Sunday, May 26, 2024

ARGENTINA | 15-04-2024 15:01

Supreme Court: Government formally nominates Ariel Lijo and Manuel García-Mansilla

More than a month after their identities first hit the headlines, President Javier Milei formally nominates Ariel Lijo and Manuel García-Mansilla for Supreme Court.

President Javier Milei’s government has formally nominated Ariel Lijo and Manuel García-Mansilla to fill the two vacancies on Argentina’s Supreme Court. 

More than a month after reports revealing the identities of the nominees first hit the headlines, the process has finally begun in earnest. Monday’s Official Gazette featured the nominations in print, proposing Lijo and García-Mansilla as new Supreme Court justices.

If successful, they would replace Elena Highton de Nolasco, who stepped down in 2021, and Juan Carlos Maqueda, who will reach retirement age at the end of the year. Both nominees need Senate approval and will face confirmation hearings.

Lijo, who has worked at the Comodoro Py federal courthouse since 2004, is likely to face a more challenging time in the upper house. His appointment has been criticised by several sectors, who question his handling of various corruption cases, notably those that took place during the Kirchner governments.

García-Mansilla, the current dean of the Universidad Austral Law School, is not expected to face a serious challenge to his candidacy.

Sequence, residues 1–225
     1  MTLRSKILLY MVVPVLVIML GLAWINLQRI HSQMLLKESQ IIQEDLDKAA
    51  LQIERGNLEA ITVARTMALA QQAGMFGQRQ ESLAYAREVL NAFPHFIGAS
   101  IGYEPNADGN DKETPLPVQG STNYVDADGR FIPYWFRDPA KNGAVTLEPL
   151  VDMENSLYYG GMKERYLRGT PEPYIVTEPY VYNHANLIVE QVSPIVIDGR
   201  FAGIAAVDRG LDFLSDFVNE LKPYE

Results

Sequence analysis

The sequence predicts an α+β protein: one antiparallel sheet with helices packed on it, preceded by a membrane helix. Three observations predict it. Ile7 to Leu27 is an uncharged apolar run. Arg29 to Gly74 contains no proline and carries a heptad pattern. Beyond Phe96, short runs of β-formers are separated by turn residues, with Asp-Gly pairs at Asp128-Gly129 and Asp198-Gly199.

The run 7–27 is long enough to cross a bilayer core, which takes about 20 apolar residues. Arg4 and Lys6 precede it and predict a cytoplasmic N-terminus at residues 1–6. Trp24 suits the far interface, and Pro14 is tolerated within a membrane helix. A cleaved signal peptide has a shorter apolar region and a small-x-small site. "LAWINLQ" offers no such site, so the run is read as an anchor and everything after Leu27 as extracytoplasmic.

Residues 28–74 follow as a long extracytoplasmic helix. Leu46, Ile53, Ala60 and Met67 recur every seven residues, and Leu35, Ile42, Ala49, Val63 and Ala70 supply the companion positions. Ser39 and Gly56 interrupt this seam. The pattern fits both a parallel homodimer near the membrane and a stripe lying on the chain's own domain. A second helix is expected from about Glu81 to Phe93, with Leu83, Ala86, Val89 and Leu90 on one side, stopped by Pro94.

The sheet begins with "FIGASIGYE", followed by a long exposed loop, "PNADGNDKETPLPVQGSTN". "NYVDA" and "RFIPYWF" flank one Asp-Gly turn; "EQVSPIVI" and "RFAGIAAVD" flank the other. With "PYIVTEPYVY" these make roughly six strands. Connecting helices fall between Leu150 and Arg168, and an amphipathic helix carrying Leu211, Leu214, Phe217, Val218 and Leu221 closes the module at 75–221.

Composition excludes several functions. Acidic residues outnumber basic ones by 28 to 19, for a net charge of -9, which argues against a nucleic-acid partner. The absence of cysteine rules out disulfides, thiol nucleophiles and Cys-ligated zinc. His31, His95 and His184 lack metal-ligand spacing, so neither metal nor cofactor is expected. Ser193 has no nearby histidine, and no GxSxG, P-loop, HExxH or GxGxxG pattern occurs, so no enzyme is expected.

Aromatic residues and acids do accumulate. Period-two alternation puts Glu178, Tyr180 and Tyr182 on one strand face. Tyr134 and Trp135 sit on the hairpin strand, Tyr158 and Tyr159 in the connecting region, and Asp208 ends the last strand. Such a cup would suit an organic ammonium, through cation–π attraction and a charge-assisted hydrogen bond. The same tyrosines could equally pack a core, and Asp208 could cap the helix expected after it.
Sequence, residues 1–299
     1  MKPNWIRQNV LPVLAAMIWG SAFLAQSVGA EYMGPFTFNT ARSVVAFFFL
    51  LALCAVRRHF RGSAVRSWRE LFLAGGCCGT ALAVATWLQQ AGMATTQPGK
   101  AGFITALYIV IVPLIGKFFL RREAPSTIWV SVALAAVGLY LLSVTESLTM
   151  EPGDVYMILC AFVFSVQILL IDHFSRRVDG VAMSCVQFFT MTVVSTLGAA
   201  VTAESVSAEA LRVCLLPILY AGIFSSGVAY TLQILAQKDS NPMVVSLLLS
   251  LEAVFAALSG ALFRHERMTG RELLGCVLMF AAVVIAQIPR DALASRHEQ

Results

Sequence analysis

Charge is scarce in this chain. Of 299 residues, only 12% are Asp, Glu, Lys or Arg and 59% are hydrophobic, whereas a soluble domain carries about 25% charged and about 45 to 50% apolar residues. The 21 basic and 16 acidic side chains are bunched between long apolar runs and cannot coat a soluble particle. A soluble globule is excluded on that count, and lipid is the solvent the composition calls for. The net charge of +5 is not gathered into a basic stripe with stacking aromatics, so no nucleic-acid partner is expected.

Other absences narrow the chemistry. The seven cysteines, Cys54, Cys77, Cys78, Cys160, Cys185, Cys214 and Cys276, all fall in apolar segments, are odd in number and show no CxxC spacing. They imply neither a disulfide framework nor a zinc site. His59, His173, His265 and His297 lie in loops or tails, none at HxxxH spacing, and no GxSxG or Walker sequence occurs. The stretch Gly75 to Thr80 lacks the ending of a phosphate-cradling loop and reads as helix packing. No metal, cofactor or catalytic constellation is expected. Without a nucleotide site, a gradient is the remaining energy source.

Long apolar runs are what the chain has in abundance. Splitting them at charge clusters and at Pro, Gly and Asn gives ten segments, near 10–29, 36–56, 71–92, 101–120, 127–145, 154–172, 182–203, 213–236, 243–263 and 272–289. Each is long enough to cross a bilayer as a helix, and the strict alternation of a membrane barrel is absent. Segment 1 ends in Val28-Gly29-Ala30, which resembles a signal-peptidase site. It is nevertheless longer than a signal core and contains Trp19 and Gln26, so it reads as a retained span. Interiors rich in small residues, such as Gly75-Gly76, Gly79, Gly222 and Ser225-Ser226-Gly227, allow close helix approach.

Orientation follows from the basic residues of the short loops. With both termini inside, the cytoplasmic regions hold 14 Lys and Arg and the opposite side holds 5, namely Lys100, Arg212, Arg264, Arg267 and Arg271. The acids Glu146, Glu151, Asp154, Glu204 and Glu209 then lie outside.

“Both nominations will help reinstate the number of ministers in the Supreme Court to five,” the government said. “The changes Argentina needs to return to the principles of Alberdi’s Constitution which made our country great will not be permanent unless we have a Judiciary which defends strictly and honourably the values of life, liberty and prosperity of Argentines.”

The Supreme Court currently has four justices: Maqueda, Ricardo Lorenzetti, Horacio Rosati and Carlos Rosenkrantz. The latter two were both appointed during former president Mauricio Macri’s 2015-2019 government.

Critics have also complained about the lack of a female nominee. To date, the nation’s highest tribunal has only had three female justices: Margarita Argúas (1970-1973); Elena Highton de Nolasco (2004-2021) and Carmen Argibay (2005-2014).

The nation’s highest tribunal has no gender quota, though it does have an age restriction, at least in theory. In 2014, Raül Zaffaroni resigned before he turned 75 and Highton de Nolasco did likewise, but aged 78 years old. Former Supreme Court justice Carlos Fayt entered in 1983 but he did not resign until 2015, a few months before he died at 97 years of age.


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